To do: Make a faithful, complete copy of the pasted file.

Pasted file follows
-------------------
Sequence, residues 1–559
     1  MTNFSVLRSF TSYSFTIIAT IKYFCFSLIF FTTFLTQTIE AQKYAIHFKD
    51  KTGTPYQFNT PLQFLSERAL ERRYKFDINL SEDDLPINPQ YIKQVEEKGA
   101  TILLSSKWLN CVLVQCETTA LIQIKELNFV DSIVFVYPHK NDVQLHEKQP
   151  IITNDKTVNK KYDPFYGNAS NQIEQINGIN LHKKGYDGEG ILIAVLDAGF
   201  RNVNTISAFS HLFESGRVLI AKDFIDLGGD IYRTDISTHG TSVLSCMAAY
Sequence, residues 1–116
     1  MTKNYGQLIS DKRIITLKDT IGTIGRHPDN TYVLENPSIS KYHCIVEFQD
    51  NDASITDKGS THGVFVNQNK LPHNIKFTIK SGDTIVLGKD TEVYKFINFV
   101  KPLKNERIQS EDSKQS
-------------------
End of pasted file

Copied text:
Sequence, residues 1–559
     1  MTNFSVLRSF TSYSFTIIAT IKYFCFSLIF FTTFLTQTIE AQKYAIHFKD
    51  KTGTPYQFNT PLQFLSERAL ERRYKFDINL SEDDLPINPQ YIKQVEEKGA
   101  TILLSSKWLN CVLVQCETTA LIQIKELNFV DSIVFVYPHK NDVQLHEKQP
   151  IITNDKTVNK KYDPFYGNAS NQIEQINGIN LHKKGYDGEG ILIAVLDAGF
   201  RNVNTISAFS HLFESGRVLI AKDFIDLGGD IYRTDISTHG TSVLSCMAAY
Sequence, residues 1–116
     1  MTKNYGQLIS DKRIITLKDT IGTIGRHPDN TYVLENPSIS KYHCIVEFQD
    51  NDASITDKGS THGVFVNQNK LPHNIKFTIK SGDTIVLGKD TEVYKFINFV
   101  KPLKNERIQS EDSKQS